WASHINGTON — Stopping Afghanistan’s drug trade will require years of law enforcement work and a complete economic turnaround for the country, according to that country’s ambassador to the United States.

“There is no quick fix,” said Said T. Jawad, who has served in the ambassador role since December 2003. “Opium producing in Afghanistan is the result of 30 years of war and distraction.

“In an environment of total insecurity — social, political and economic — people have leveled their pomegranate orchards, their vineyards, and turned them into poppy fields, because it takes only three months to harvest poppy.”

Jawad, speaking with reporters Friday about the future of the country, noted that despite progress in rebuilding since 2001, Afghanistan remains the sixth poorest economy in the world. Only 6 percent of the homes in the country have access to electricity, and only about 23 percent of the population has access to clean drinking water.

So for many the illegal crops have become the only choice, Jawad said.

“If your choice is between life and death, you’ll choose life, even if that means that your actions are illegal,” he said. “But give the Afghan farmers an alternative, and they’ll take it.”

Last year, Afghan law enforcement officials seized more than 158 tons of opium and 39 tons of heroin, and cleared about 23,000 acres of farmland being used to raise illegal crops.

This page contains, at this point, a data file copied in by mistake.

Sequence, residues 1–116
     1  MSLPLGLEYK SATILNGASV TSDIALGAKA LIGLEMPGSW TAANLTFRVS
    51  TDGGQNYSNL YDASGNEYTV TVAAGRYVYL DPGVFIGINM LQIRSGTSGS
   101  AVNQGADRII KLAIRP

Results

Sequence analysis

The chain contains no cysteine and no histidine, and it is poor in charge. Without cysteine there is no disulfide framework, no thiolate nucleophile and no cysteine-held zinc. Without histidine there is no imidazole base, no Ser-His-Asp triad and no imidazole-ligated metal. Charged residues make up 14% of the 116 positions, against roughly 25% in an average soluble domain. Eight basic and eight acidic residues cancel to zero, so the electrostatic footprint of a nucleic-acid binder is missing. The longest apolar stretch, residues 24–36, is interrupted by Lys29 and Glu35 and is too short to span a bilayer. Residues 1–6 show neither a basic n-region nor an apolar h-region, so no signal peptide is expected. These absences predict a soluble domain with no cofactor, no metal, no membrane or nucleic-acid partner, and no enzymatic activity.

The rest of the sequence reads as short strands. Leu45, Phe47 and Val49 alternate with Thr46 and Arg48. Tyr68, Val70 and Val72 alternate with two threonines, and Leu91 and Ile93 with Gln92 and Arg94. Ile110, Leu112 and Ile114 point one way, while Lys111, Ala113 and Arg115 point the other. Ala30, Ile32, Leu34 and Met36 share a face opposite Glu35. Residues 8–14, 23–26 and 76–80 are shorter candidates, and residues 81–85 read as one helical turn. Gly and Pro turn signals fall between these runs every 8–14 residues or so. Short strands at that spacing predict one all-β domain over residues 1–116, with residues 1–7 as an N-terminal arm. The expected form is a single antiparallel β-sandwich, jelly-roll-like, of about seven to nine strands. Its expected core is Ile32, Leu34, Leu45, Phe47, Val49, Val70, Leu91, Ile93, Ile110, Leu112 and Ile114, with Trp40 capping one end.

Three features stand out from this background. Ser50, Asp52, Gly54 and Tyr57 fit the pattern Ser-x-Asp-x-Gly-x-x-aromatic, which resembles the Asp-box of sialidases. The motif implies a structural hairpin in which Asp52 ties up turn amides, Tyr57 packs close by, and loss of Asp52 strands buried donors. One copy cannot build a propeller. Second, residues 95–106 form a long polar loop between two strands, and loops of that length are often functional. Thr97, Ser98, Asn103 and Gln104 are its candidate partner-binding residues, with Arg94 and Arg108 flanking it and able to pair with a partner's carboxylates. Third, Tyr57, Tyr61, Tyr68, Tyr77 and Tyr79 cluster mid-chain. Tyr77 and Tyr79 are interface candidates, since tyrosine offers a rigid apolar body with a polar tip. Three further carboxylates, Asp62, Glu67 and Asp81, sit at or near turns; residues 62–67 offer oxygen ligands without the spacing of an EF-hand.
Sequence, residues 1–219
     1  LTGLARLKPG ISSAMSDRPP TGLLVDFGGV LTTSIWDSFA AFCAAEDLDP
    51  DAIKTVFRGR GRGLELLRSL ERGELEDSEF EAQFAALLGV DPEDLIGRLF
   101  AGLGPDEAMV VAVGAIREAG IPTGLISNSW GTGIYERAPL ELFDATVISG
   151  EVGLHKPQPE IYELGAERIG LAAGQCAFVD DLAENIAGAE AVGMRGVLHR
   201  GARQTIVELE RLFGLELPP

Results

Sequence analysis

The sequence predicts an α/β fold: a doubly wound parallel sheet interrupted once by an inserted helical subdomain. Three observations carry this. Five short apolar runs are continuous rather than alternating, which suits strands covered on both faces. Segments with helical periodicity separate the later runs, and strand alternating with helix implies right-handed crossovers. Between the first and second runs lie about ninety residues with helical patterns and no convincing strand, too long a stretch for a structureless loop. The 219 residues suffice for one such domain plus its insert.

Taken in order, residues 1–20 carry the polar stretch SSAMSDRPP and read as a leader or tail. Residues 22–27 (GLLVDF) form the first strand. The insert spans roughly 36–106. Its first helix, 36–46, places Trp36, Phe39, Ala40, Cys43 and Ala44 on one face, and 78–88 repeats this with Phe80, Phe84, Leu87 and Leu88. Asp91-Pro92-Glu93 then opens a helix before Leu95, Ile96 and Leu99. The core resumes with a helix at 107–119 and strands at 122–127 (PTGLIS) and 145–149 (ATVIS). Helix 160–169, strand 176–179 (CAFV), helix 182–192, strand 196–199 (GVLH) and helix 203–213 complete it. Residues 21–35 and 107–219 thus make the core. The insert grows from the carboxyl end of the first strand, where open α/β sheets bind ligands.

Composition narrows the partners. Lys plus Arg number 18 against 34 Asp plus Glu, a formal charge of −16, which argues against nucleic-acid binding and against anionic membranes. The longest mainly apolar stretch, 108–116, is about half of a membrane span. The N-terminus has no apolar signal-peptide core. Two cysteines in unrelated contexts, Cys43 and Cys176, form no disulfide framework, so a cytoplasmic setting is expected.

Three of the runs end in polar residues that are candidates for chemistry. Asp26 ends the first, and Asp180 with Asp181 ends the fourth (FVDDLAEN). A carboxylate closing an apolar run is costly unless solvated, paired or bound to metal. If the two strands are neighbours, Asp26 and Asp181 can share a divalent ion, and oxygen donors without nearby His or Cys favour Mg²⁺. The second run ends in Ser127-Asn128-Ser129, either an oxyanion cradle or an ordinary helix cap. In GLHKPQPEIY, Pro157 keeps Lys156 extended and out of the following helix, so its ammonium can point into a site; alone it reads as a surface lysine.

Despite that, the United Nations Office on Drugs and Crime estimates the country produced about 87 percent of the world’s illegal opium trade last year.

Programs to help farmers grow other, legal crops have had little success thus far because of poor funding. Jawad said international leaders must realize that without an economic solution those drug farmers have no incentive to turn away from their only source of income.

“Forceful poppy eradication without adequate alternative livelihood assistance can alienate the poor farmer and strengthen narco-traffickers,” he said. “Such quick fix solutions will push many rural communities into further poverty and dependency on terrorists.”

To that end, political leaders are working to reform those programs, and have set a target of providing electricity to 25 percent of the homes in the country by 2010, and linking at least 40 percent of the villages by easily accessible roadways by then.

Jawad said those are not lofty goals, and would still leave many citizens living in poverty and despair.

“But we are realistic about the challenges we are facing.”

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